ORDER RE: MOTION FOR ATTORNEYS' FEES AND COSTS AND CLASS REPRESENTATIVES INCENTIVE AWARD AND MOTION TO APPROVE PLAN OF DISTRIBUTION OF FUNDS
Based on defendants Henry Craighead and District Attorney Technical Services, Ltd.'s ("DATS") collection efforts for checks returned due to insufficient funds, plaintiff Kristy Schwarm initiated this class action on June 29, 2005, alleging claims for (1) violations of the Fair Debt Collection Practices Act ("FDCPA"), 15 U.S.C. §§ 1692-1692p; (2) violations of the Civil Rights Act, 42 U.S.C. § 1983, based on alleged procedural due process violations; (3) state constitutional procedural due process violations; (4) fraudulent misrepresentation; and (5) negligent misrepresentation. Currently before the court are plaintiffs' motions for attorneys' fees, costs, and incentive payments and for approval of the planned distribution of funds.
I. Factual and Procedural Background On March 4, 2006, this court certified the case as a class action for "[a]ll persons who wrote checks in California to whom DATS mailed collection demands concerning dishonored checks, since June 29, 2003," and up until the date of the court's Class Certification Order. (Docket No. 42.) The court named Schwarm as the class representative and subsequently granted plaintiffs' motion to add plaintiffs Patricia Foronda and Josann Ancelet as class representatives. (Docket No. 134.) There are approximately 36,000 class members in this action.
After DATS filed Chapter 7 bankruptcy, this action was automatically stayed on August 28, 2006, pursuant to 11 U.S.C. § 362(a). On September 20, 2006, this court lifted the automatic stay as to Craighead only and, on May 5, 2008, granted plaintiffs' motion for summary judgment with respect to Craighead's violations of subsections 1692e(2)-(5), (9)-(11),
(14), 1692f(1), and 1692g(a) of the FDCPA. Schwarm v. Craighead, 552 F. Supp. 2d 1056, 1069-82 (E.D. Cal. 2008). In the same Order, the court denied plaintiffs' motion for summary judgment on their claims based on alleged violations of their federal and state procedural due process rights. Id. at 1082-87. Three months later, plaintiffs sought summary judgment on the issue of damages, and the court awarded plaintiffs actual damages against Craighead in the amount of $741,387.05. Schwarm v. Craighead, No. 2:05-1304, 2008 WL 3286797, at *2-3 (E.D. Cal. Aug. 6, 2008).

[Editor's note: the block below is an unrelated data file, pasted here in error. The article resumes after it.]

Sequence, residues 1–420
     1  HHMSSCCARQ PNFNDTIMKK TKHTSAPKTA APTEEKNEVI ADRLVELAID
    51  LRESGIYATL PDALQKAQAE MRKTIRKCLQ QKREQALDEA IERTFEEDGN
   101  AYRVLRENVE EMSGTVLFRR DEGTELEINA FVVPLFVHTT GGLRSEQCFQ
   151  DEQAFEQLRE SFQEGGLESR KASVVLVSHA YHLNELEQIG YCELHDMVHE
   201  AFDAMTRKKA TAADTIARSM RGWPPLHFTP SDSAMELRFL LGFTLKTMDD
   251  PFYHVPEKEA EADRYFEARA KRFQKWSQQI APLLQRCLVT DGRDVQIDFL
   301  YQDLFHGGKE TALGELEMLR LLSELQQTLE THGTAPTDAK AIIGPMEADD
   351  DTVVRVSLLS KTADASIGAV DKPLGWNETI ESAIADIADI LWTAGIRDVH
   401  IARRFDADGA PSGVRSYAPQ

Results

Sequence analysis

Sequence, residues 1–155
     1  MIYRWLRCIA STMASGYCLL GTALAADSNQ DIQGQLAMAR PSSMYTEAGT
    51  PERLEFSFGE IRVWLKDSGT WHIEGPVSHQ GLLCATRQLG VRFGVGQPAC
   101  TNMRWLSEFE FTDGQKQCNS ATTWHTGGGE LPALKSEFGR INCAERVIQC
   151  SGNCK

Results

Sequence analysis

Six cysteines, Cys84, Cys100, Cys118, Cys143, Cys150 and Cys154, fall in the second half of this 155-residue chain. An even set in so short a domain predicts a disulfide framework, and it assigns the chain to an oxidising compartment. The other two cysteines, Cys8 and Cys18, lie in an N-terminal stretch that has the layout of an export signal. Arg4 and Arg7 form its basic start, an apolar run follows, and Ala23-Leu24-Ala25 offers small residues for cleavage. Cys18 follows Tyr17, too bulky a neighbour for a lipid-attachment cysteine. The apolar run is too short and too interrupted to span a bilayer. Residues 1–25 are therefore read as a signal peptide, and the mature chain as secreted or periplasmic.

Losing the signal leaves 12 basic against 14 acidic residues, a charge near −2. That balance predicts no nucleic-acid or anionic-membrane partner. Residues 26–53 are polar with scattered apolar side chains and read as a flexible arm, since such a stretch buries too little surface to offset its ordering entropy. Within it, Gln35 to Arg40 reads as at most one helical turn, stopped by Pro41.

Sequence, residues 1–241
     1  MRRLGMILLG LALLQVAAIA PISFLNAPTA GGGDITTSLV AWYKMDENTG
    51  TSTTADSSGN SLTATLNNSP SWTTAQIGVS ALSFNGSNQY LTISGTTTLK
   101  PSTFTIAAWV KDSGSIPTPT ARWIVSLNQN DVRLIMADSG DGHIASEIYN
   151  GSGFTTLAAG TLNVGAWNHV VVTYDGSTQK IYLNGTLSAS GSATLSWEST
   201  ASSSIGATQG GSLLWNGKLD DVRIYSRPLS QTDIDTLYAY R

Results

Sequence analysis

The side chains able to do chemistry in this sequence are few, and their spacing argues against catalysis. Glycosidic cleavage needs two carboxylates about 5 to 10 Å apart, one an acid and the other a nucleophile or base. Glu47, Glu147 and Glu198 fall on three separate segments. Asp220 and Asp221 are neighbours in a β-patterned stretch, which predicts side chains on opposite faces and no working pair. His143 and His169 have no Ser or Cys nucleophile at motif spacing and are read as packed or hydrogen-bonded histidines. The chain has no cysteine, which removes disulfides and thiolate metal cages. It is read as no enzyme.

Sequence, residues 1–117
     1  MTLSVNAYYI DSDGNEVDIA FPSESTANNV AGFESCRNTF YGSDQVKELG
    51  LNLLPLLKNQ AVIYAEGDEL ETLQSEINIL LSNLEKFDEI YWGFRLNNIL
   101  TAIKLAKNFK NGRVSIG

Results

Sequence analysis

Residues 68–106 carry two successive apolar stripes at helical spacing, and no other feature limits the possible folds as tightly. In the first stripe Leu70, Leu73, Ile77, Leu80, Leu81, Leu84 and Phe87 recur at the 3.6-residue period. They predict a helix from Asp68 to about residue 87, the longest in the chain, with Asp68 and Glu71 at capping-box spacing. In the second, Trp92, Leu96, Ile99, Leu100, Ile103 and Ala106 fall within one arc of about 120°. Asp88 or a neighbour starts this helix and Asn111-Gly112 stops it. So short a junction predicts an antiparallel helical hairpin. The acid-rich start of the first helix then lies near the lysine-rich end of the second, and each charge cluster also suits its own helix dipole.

In DATS' bankruptcy, plaintiffs filed claims in excess of four million dollars and ultimately received $160,282.78 from the bankruptcy estate. After the bankruptcy court issued a Final Decree indicating that the administration of the estate was complete, the automatic stay as to DATS was lifted. (Docket No. 213.) The court then granted plaintiffs' motion for summary judgment with respect to DATS' violations of subsections 1692e(2)-(5), (9)-(11), (14), 1692f(1), and 1692g(a) of the FDCPA and entered final judgment in favor of plaintiffs against Craighead and DATS, holding them jointly and severally liable to plaintiffs in the amount of $741,387.05. Schwarm v. Craighead, No. 2:05-1304, 2011 WL 1232837 (E.D. Cal. Mar. 31, 2011). In that same Order, the court approved plaintiffs' decision to abandon their remaining claims. See id. at *4.
Plaintiffs filed a motion for attorneys' fees, costs, and incentive payments for the class representatives and a motion for approval of the disbursement of the $160,286.78 plaintiffs received from DATS' bankruptcy estate. (Docket Nos. 233, 246.) According to plaintiffs, it is unlikely they will be able to recover any additional money from Craighead personally. (Docket No. 247.) Papers filed by Craighead in the DATS bankruptcy proceeding in 2008 showed that he held no non-exempt assets. (Docket No. 198.) The April 2010 asset discovery that plaintiffs served on Craighead revealed no new assets. (Docket No. 247.) Plaintiffs state that they are serving post-judgment asset discovery as well, but "have no reason to believe that he will disclose any significant assets subject to execution." (Id.)